Conservative websites are far more likely to attack fact-checkers than their liberal counterparts
During the 2016 presidential election, popular conservative websites were far more likely to criticize fact-checking organizations than their liberal counterparts, according to a new analysis of 10 U.S. partisan publications.
The analysis, conducted by the Duke Reporters' Lab, logged 792 statements mentioning fact-checkers and categorized them as positive, negative or neutral. While a majority of citations (68 percent) were neutral, there was a dramatic divide in the source of negative comments.
All told, critics lobbed 71 accusations of bias against fact-checkers. Conservative websites were responsible for 97 percent of them.
The liberal sites analyzed were HuffPost, Daily Kos, Occupy Democrats, Talking Points Memo and Media Matters; the conservative ones were Breitbart, Daily Caller, Newsmax, National Review Online and Media Research Center.
Some of the attacks were particularly colorful. Jonah Goldberg of National Review Online noted that Hillary Clinton's record with the truth was far from spotless and chose to reinforce his point by referring to her track record on PolitiFact, a project of the Poynter-owned Tampa Bay Times. The result was anything but an endorsement for fact-checkers.
Even PolitiFact, the hackiest and most biased of the fact-checking outfits, which bends over like a Bangkok hooker to defend Democrats, has a long list of her more recent lies.
Signs of a partisan divide in the reception of fact-checking bubbled up over the course of the 2016 campaign.
In one YouGov poll, Hillary Clinton voters reported far higher levels of trust in fact-checkers than Donald Trump voters. This was a far bigger differential than the one detected in a 2014 poll. Trump voters were also less keen on moderators fact-checking the candidates during the debates than Clinton voters, though not overwhelmingly so.
Could Donald Trump, whose election spawned a myriad of lefty takes about a "post-truth" era, have also exacerbated the partisan divide over fact-checking? After all, he did call fact-checkers "crooked as hell" and "scum". Conversely, a flurry of negative ratings from fact-checkers were politically convenient material for liberal publications to recirculate in an effort to cast Trump in a negative light.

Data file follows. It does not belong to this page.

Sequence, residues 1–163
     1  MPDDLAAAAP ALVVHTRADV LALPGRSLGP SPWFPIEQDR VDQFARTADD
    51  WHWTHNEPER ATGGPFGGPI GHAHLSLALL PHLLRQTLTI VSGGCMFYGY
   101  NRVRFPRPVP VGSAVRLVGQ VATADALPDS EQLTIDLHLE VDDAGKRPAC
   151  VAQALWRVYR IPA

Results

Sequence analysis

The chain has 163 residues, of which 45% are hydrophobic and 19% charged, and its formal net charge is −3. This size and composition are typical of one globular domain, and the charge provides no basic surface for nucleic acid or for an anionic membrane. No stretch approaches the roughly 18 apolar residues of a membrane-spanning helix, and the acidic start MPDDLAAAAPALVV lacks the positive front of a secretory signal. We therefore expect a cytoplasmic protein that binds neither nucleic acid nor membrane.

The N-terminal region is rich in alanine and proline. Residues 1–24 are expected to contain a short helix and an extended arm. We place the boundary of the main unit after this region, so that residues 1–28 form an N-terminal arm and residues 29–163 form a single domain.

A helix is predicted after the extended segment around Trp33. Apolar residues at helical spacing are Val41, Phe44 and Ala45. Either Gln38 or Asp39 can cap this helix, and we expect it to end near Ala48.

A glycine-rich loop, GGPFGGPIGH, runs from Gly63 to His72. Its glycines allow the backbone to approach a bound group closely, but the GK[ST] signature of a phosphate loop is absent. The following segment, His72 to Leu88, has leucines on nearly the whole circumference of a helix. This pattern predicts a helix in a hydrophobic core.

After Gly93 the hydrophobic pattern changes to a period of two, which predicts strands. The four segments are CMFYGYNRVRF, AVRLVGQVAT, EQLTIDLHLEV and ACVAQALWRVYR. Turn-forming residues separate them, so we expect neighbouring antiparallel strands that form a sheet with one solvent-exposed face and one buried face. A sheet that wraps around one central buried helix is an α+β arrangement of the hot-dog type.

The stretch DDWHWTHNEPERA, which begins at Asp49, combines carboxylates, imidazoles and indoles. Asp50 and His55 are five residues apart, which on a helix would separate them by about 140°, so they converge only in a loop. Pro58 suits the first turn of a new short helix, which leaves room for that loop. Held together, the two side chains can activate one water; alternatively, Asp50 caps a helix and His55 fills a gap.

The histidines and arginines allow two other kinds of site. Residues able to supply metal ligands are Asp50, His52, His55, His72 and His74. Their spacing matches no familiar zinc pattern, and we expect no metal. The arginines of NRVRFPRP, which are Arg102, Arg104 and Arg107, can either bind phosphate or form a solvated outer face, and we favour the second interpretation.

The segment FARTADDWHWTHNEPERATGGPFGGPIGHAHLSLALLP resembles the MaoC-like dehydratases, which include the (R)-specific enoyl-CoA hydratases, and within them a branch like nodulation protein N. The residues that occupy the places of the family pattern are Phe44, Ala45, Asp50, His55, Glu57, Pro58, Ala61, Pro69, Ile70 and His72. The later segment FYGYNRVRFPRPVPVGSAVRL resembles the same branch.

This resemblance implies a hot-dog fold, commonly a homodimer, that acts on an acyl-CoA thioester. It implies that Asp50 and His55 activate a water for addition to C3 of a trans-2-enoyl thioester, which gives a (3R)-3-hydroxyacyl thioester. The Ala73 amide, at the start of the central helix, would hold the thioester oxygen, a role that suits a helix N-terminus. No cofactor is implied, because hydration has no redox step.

Bill Adair, the former PolitiFact editor who oversees the Duke Reporters' Lab, doesn't think findings would have been dramatically different without Trump.
"Although 2016 was unique because of Trump’s extraordinary number of falsehoods," Adair said, "I think we would see this same pattern if we looked at earlier years."
Conservative pundits have long been critical of fact-checking. At the same time, perhaps the most high-profile assault on a U.S. fact-checking organization came in 2012 from Rachel Maddow, hardly a right-wing darling.
Fact-checkers have at times pointed to partisan attacks coming from all sides as evidence of their political independence. It is also worth noting that, from Dick Cheney in 2004 to Trump himself in 2016, conservative politicians have favorably cited fact-checkers' conclusions during high-stakes debates.
Yet there is no escaping the conclusions of the Duke Reporters' Lab analysis.
"I think the partisan divide is a serious problem for U.S. fact-checkers and for the nation’s political discourse," said Adair. "We can’t have a healthy discussion about issues and candidates if the two sides are so polarized they can’t agree on facts."
Bridging this divide will require an intervention from fact-checkers and conservative media critics alike.
Fact-checkers will need to look at what motivates conservative distrust and systemically track how readers on both sides react to conclusions that go against their party affiliation. Rigorous research should go beyond simple tallies and develop metrics that can help detect and evaluate bias in fact-checking. Conservative media critics may want to consider whether calling fact-checkers prostitutes risks further undermining the capacity of building a public discourse on shared facts.